THE THING ABOUT being in a riot-afflicted city in an age before social media is the remoteness of what is happening. There were parts of the city burning and murderous groups scouring neighbourhoods for people to kill, but if you were in a middle-class enclave of flats, then the violence passed you by, mostly. The slums and chawls of Bombay were the epicentre, but that didn’t stop many well-meaning residents of housing societies from making vigilance arrangements of their own against potential attackers. I remember a friend then narrating an incident about being on a terrace with a few others in his building and someone breaking a bottle as a prank and all those on guard running home. He laughed, but it was a sign of what would have happened if actual rioters had shown up.
It was in the aftermath that the riots changed the city, as if the pent-up hate of communities that had been building up for decades had finally found a release, but it was so shocking that everyone decided once was enough. The riots raged on and off for two months between December 1992, after the Babri Masjid demolition, and January the next year. The Srikrishna Commission, set up to investigate the riots, lists the sequence of events in clinical fashion with dates. The first phase went on from December 6th to December 12th, largely a Muslim response to the demolition. And then the second phase from January 6th to January 20th, when Hindus, under the umbrella of the Shiv Sena, organised a retaliation. And since then there has been nothing of that kind again in Mumbai.
Mohalla Committees, a simple mechanism of Hindus and Muslims together to nip any prospective flashpoint in the bud, were set up. It was not the first time riots had happened, but no one had earlier thought that pre-emption was necessary. The result of such an attitude was soon tested two months later in March, when the gangster Dawood Ibrahim, as an act of revenge against riot brutalities, engineered a series of bomb blasts across the city. This was also something the city had never seen before, but there was no further mob violence.
One could wonder what would have happened if Dawood had not ordered the blasts. His control over the Mumbai underworld had been total until then. He had parts of the Bombay Police on his payroll. It is now forgotten just how admired he was even as a criminal operating from Dubai. Celebrities and cricketers boasted about being friends with him. Politicians did not think it was damaging to their career to take favours from him. Everyone from college students to restaurant owners knew someone who knew someone who knew Dawood. The blasts changed that at once. The sequence of events that began with the riots ended his respectability.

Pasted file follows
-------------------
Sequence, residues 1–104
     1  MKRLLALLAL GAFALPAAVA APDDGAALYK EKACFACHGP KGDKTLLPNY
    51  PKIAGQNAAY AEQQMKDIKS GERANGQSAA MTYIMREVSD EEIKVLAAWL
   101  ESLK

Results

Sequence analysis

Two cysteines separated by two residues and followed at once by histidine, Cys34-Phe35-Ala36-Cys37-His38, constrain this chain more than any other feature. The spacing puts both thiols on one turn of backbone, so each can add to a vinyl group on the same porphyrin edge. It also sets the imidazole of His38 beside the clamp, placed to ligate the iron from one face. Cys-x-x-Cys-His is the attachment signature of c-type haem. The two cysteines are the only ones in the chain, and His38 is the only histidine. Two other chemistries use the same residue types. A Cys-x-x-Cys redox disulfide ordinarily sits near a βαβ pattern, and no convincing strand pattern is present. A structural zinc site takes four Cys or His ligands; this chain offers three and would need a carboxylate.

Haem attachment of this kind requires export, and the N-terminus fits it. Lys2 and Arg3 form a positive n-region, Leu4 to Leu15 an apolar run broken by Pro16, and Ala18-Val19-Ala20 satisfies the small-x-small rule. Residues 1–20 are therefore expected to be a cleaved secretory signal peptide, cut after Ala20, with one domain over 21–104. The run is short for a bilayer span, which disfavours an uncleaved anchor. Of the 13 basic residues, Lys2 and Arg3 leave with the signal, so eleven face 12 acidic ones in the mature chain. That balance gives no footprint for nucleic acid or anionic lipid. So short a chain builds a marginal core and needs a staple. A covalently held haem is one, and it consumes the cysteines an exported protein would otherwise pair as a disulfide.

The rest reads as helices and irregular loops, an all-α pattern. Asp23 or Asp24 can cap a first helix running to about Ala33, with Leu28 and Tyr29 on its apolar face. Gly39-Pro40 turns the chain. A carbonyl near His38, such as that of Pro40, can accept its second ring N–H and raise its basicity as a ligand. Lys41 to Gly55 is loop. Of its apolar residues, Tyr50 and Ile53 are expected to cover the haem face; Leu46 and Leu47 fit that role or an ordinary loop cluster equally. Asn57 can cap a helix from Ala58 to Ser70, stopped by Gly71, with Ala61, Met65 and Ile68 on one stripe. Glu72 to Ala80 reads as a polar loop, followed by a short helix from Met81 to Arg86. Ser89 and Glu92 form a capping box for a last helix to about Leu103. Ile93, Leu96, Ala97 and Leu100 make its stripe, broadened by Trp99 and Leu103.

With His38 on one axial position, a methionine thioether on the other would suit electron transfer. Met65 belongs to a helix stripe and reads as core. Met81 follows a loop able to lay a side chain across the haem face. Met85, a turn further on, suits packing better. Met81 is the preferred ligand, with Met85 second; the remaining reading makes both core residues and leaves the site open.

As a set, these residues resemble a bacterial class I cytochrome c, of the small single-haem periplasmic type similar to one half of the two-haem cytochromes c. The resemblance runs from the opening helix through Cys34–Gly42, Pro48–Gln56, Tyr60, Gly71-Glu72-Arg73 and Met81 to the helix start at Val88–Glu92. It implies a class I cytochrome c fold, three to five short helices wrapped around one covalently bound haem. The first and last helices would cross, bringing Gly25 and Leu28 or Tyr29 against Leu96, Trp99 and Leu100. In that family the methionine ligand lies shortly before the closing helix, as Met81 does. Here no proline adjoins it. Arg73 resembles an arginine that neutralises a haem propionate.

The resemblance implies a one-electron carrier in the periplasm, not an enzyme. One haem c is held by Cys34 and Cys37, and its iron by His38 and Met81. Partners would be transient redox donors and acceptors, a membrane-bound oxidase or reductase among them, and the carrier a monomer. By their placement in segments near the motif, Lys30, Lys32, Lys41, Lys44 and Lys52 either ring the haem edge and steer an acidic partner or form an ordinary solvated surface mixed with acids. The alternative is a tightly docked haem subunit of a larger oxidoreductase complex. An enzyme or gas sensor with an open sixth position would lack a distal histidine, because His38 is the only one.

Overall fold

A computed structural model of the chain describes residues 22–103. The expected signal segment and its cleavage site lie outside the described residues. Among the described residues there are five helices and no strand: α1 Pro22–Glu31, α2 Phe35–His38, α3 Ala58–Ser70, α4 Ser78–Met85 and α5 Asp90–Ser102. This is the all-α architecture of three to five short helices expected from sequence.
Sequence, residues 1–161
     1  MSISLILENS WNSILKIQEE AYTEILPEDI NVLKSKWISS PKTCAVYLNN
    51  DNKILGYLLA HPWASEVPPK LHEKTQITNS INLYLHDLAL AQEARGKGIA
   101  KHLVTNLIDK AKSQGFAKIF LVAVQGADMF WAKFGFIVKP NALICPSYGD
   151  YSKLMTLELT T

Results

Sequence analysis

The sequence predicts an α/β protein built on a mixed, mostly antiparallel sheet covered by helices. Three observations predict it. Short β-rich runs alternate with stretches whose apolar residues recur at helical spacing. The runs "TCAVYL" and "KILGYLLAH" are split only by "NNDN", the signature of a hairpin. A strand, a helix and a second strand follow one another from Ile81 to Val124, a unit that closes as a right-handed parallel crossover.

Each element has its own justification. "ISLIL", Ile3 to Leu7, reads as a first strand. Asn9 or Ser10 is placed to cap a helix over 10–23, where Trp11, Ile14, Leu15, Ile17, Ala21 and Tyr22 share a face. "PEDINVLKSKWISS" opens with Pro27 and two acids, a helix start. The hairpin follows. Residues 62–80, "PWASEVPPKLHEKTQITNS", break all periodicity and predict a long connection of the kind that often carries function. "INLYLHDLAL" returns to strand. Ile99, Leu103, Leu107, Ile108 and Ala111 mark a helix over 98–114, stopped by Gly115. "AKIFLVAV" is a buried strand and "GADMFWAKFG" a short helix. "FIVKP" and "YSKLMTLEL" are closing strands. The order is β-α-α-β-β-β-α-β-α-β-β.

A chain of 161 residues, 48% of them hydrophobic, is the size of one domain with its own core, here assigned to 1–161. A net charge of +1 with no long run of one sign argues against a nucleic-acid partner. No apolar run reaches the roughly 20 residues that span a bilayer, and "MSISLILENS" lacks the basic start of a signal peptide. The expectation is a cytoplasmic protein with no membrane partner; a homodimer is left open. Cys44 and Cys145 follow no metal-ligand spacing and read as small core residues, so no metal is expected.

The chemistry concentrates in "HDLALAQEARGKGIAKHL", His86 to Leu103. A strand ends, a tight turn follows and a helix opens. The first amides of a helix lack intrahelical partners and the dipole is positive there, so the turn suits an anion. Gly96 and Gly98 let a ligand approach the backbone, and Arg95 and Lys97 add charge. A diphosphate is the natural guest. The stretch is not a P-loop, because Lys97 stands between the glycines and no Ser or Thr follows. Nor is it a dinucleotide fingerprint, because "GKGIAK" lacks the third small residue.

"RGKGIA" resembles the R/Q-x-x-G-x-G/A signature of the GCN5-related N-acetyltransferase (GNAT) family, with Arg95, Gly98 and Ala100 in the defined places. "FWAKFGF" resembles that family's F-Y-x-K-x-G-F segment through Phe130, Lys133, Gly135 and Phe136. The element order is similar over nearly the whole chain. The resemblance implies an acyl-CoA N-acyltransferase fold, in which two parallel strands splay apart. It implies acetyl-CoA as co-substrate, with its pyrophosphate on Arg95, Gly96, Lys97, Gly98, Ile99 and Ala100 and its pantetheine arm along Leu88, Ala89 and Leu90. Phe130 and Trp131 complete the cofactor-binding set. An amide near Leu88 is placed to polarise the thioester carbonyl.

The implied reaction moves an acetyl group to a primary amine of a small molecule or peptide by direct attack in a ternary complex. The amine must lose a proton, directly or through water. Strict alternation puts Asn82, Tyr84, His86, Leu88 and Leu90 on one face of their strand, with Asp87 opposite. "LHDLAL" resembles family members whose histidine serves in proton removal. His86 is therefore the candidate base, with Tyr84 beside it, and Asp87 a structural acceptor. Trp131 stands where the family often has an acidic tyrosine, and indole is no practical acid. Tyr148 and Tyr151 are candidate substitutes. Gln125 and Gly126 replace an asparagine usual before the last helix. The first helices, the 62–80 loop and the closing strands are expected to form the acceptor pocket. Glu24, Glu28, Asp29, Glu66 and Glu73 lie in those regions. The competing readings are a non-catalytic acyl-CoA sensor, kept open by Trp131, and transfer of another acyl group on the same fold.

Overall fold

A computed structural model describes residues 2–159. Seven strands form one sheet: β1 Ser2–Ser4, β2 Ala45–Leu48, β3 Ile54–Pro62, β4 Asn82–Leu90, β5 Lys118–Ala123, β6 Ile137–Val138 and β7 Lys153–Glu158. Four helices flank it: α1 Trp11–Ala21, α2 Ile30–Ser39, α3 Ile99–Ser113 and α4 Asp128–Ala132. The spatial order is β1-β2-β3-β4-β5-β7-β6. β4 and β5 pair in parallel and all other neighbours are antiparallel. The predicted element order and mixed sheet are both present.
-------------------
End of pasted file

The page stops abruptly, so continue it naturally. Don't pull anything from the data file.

The other major consequence of the riots was the emergence of the Shiv Sena as a major political force in Maharashtra, something that would result in the party capturing power in 1995 in a state that had always been with the Congress. The initial riots weren’t deliberately planned by the Sena, but there was no doubt that the party organised pogroms later on. The police were shamelessly communal and along with the Sena, targeted Muslims. In a PUCL Bulletin of May 1993, the social activist Ali Asghar Engineer listed some of the police actions: ‘On Dec 8 police came to Kamla Ramnad Nagar, opened fire and then set fire to the huts without any provocation (out of 46 huts, 44 belonged to Muslims)… According to the Govandi Relief Committee, 92 persons had died in police firing and 210 injured. Almost all the persons killed were Muslims... What is significant (in Dharavi) is that there was complete polarisation between Hindus and Muslims. All Hindus—Tamil, Maharashtrian, Gujrati, and others —were on one side, and all Muslims, whatever their origin, were on the other. The police came (Dec 8), fired in which three Muslims were killed and four injured in Chamba Bazar. The police arrested 27 Muslims. In Social Nagar police opened fire in which 6 Muslims died. In Mukund Nagar, five persons, all Muslims, were killed in police firing.’
There has been no justice for victims of the Bombay riots. The Justice Srikrishna Commission held enquiries over a period of five years and submitted a comprehensive report that held the Shiv Sena primarily responsible for the violence. About 900 people reportedly died in the riots that convulsed the city, but only one leader, Madhukar Sarpotdar of the Sena, was convicted. And he never served his sentence, which was only a year of rigorous imprisonment.
If there was anger among Muslims at the caving in of the justice system, then the years have long since tempered it. It was not just the Sena. Even after the Congress returned to power, it didn’t pursue the riot cases or take action on the Srikrishna report. No one wanted old wounds reopened. Can a society function in the absence of justice? What happens when there is no closure? Nothing, apparently. Whether that is a good thing is anybody’s guess.